Adults of all ages
should increase the amount of fiber-rich whole grains they eat to three or more
servings daily, as the 2005 Dietary Guidelines
for Americans recommend. Click the image for more information about
For Optimal Health, Go With the Grains
By Rosalie Marion
Bliss January 26, 2006
Older adults who consumed nearly three servings of whole-grain foods
daily were significantly less likely to have "metabolic syndrome" that
increases the chances of developing diabetes and heart disease, according to a
study funded in part by the Agricultural Research Service (ARS). ARS is the chief scientific research
agency of the U.S. Department of Agriculture.
People must have at least three of the following health
risksabdominal obesity, high blood pressure, poor blood sugar control,
low HDL "good" cholesterol and high blood fatsto be considered to have
The findings were published in the January issue of the
American Journal of Clinical Nutrition. The
lead coauthor on the study was Nadine Sahyoun, formerly with the Jean Mayer
USDA Human Nutrition Research Center on Aging (HNRCA)
at Tufts University in Boston, Mass., and now at the
University of Maryland-College Park. Other
Jacques and Nicola McKeown at HNRCA; Xinli Zhang at the University of
Maryland-College Park, and Wenyen Juan with USDA.
Between 1981 and 1984, the researchers studied three-day food records
and blood tests provided by 535 healthy male and female participants older than
60. They also conducted a subsequent 12- to 15-year follow-up to assess the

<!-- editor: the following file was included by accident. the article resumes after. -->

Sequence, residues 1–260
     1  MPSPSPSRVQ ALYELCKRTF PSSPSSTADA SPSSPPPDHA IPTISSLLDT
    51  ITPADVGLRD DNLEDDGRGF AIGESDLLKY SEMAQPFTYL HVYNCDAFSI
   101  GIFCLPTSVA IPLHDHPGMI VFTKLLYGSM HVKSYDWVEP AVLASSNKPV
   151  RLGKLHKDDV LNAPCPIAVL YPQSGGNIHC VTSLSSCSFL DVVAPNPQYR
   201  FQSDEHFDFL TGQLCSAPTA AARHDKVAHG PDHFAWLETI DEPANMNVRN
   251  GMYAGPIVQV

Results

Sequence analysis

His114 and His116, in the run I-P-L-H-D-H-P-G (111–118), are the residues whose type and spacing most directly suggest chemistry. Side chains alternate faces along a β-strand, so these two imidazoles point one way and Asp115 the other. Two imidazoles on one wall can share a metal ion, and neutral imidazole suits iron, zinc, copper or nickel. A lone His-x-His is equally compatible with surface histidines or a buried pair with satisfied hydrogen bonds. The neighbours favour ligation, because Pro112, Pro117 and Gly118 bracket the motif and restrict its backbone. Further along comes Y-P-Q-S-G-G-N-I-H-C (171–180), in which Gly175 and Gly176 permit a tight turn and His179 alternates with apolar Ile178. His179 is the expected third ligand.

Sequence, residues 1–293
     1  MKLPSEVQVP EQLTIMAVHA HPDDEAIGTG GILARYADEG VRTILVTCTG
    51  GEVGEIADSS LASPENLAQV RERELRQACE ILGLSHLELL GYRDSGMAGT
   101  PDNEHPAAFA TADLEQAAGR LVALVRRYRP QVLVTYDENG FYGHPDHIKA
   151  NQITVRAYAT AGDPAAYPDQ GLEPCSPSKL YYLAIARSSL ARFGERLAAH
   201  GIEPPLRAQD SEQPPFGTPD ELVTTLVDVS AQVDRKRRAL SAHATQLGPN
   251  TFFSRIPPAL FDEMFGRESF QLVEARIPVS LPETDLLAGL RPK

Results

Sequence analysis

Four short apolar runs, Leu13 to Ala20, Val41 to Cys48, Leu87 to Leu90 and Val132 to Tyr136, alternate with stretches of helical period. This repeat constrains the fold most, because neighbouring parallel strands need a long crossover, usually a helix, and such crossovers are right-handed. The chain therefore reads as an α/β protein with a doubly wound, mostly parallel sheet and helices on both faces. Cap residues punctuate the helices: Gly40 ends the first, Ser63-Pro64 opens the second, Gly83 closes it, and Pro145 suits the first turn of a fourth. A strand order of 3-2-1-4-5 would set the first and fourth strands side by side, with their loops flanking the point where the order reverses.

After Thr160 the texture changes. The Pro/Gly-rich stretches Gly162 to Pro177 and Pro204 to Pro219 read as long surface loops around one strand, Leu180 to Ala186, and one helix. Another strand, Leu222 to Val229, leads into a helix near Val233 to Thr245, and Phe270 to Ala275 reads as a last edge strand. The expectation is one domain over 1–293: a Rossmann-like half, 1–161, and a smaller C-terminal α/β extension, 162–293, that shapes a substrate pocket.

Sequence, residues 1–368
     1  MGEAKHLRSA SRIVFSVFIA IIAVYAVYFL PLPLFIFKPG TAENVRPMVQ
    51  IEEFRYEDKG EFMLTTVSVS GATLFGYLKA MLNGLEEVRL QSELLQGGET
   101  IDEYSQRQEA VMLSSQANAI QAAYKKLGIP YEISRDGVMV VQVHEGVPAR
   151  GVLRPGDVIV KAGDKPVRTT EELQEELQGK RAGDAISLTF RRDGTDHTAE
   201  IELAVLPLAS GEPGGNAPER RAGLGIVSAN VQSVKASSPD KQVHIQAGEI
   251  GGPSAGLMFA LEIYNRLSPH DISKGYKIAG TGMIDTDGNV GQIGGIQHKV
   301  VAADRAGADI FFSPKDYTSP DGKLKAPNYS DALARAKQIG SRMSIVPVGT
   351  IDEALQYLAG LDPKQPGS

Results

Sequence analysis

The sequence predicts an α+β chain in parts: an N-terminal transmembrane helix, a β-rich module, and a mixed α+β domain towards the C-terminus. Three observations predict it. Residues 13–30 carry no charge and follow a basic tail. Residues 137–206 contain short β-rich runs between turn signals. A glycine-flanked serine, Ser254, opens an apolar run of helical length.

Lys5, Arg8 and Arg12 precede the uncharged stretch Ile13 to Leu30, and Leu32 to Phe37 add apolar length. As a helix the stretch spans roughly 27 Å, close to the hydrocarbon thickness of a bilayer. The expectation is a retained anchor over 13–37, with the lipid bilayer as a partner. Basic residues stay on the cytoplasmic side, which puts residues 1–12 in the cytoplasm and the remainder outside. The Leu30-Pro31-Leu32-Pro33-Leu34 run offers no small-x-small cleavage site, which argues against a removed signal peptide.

causes of death among participants during those years.
The participants were ranked into four groups based on lowest to
highest whole-grain intakes. Based on the middle value for each group's intake,
Group 1 had 0.3 serving daily, Group 2 had 0.9 serving daily, Group 3 had 1.5
servings daily, and Group 4 had 2.9 servings daily.
Those in the group with the highest whole-grain consumption were half
as likely to have metabolic syndrome as those in consuming the lowest amounts
of whole grains. That pattern was seen independent of gender, ethnicity and
other lifestyle factors. Those in the group with the highest whole-grain intake
also were found to have significantly less risk of dying from heart disease
than those in the group with the lowest intake. However, whether the
participants changed their diets during the follow-up period is unknown.
The authors concluded that adults of all ages should increase the
amount of whole grains they eat to three or more servings daily.